Andrea Tietmeyer
  • 01/01/2010

There have been no known attempts to propagate this species off-site. Seeds have been seed banked, and will need continued management.

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Photos
Nomenclature
Taxon Polemonium occidentale ssp. lacustre
Authority Wherry
Family Polemoniaceae
CPC Number 3557
ITIS 524547
USDA POOCL2
Common Names Jacob's ladder
Associated Scientific Names Polemonium occidentale var. lacustre | Polemonium occidentale ssp. lacustre
Distribution Polemonium occidentale var. lacustre is found in Wisconsin and Minnesota.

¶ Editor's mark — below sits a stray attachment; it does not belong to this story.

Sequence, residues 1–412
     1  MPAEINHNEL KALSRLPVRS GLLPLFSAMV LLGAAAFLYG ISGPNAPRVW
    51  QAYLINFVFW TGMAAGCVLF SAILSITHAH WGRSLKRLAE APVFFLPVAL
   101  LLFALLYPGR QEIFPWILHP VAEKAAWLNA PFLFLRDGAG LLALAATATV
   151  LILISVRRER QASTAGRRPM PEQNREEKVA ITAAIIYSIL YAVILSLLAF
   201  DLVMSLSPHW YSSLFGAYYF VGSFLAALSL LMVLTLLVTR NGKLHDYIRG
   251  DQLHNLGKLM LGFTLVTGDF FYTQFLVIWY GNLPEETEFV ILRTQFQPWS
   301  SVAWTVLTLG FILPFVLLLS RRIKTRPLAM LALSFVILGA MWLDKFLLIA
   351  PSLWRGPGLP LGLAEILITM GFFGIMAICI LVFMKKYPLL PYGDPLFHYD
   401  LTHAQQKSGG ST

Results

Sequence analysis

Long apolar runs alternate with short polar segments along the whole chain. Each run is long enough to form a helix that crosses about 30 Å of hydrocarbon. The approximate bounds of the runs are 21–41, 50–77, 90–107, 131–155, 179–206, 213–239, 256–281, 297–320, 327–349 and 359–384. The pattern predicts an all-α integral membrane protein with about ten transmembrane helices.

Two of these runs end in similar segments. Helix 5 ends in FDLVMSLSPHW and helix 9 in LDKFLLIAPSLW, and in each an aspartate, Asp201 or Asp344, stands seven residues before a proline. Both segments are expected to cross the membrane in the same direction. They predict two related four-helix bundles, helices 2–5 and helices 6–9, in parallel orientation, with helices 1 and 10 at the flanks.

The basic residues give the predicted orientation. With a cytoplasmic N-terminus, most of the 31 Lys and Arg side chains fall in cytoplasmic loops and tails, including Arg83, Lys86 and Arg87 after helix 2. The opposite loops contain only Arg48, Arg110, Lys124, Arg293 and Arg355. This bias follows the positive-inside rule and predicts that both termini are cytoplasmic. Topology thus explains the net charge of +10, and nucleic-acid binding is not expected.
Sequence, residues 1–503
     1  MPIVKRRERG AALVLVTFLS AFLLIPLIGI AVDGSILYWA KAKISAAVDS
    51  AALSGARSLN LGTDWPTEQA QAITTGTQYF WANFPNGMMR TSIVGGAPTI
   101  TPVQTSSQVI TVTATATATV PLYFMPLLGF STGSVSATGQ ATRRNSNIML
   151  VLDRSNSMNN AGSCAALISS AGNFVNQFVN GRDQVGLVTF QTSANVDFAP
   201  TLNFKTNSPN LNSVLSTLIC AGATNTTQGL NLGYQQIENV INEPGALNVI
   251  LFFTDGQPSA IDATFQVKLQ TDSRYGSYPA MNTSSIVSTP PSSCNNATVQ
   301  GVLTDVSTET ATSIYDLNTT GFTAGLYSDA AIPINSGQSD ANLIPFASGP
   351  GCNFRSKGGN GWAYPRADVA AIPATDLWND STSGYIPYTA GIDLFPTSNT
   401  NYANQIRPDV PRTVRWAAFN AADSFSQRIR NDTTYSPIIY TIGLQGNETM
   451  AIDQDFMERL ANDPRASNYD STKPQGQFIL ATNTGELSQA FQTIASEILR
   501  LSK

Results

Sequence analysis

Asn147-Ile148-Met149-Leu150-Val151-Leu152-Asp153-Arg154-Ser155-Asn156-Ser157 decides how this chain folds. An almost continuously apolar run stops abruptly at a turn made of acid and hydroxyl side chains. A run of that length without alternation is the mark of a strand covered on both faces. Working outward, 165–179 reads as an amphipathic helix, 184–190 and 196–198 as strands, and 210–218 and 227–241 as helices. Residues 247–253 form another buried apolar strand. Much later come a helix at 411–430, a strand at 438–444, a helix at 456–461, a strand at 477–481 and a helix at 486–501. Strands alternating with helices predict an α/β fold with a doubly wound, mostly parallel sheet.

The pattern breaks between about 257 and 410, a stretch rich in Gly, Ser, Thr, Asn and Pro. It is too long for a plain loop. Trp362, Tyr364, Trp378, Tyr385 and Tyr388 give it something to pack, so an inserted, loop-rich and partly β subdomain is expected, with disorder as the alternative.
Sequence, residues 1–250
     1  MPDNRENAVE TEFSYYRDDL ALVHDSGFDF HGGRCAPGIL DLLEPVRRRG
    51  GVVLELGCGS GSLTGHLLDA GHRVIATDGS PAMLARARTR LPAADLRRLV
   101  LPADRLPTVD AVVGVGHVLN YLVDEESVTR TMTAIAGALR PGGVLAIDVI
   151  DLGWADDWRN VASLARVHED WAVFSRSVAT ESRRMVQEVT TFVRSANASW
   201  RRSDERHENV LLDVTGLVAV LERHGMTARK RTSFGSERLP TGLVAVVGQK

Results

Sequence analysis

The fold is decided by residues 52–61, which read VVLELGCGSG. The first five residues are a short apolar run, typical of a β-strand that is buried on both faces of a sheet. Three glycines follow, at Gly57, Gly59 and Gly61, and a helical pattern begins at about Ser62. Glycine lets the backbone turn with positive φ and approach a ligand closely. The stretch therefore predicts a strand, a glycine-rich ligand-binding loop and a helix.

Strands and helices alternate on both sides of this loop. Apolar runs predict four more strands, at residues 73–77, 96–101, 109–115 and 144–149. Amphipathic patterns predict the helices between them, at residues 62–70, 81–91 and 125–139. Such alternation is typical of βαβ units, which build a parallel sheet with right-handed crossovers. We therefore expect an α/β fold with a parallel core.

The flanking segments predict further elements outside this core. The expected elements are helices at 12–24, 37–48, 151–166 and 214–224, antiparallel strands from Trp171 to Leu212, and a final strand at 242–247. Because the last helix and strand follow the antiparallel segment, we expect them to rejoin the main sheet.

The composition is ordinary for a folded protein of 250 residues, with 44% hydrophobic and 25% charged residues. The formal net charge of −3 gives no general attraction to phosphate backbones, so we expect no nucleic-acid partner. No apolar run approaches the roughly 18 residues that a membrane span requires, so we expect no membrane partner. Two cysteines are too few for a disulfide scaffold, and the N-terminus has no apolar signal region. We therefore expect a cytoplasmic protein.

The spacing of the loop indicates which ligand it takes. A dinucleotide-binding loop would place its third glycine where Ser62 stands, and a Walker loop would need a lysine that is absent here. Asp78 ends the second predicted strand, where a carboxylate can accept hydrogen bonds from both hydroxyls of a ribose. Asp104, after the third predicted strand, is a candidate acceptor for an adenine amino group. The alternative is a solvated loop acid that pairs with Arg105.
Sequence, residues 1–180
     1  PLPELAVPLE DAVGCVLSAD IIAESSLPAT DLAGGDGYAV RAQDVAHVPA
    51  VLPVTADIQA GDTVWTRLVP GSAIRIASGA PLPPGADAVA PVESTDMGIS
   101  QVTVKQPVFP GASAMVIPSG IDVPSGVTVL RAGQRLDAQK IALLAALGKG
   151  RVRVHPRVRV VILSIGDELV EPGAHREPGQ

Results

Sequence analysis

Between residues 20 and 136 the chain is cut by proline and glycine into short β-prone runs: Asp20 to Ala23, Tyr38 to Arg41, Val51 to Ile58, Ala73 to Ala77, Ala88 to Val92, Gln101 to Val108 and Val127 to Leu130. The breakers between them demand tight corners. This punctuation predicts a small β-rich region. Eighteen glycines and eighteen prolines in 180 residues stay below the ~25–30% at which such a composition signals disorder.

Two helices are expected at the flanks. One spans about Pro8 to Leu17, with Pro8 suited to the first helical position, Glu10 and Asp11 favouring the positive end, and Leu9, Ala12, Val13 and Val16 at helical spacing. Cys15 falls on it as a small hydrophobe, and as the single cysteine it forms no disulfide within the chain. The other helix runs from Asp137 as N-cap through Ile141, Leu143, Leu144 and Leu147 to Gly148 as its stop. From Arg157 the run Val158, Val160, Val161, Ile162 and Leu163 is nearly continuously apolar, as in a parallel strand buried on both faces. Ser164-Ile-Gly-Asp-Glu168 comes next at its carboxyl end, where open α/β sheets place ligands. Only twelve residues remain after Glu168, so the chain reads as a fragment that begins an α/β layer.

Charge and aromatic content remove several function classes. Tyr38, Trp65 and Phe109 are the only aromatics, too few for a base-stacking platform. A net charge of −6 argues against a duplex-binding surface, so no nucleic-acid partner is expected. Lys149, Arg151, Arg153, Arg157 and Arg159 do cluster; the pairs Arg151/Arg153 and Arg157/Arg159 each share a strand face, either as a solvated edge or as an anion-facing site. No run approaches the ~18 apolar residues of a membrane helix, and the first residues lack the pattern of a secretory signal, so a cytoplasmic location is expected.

State Rank
State State Rank
Minnesota S1
Wisconsin S1
Habitat

Anderson and colleagues (1998) describe Polemonium as generally being found in wet peat bogs with a blanket of sphagnum and other mosses. Typical woods species in this habitat include a mixture of white cedar, black spruce and tamarack. Characteristic understory species include speckled alder, dwarf birch and willow. This Polemonium species is also associated with other rare taxa such as marsh valerian and sparse-flowered sedge.

Ecological Relationships

The ecological relationship between Polemonium and other species is virtually unknown.

Pollinators
Common Name Name in Text Association Type Source InteractionID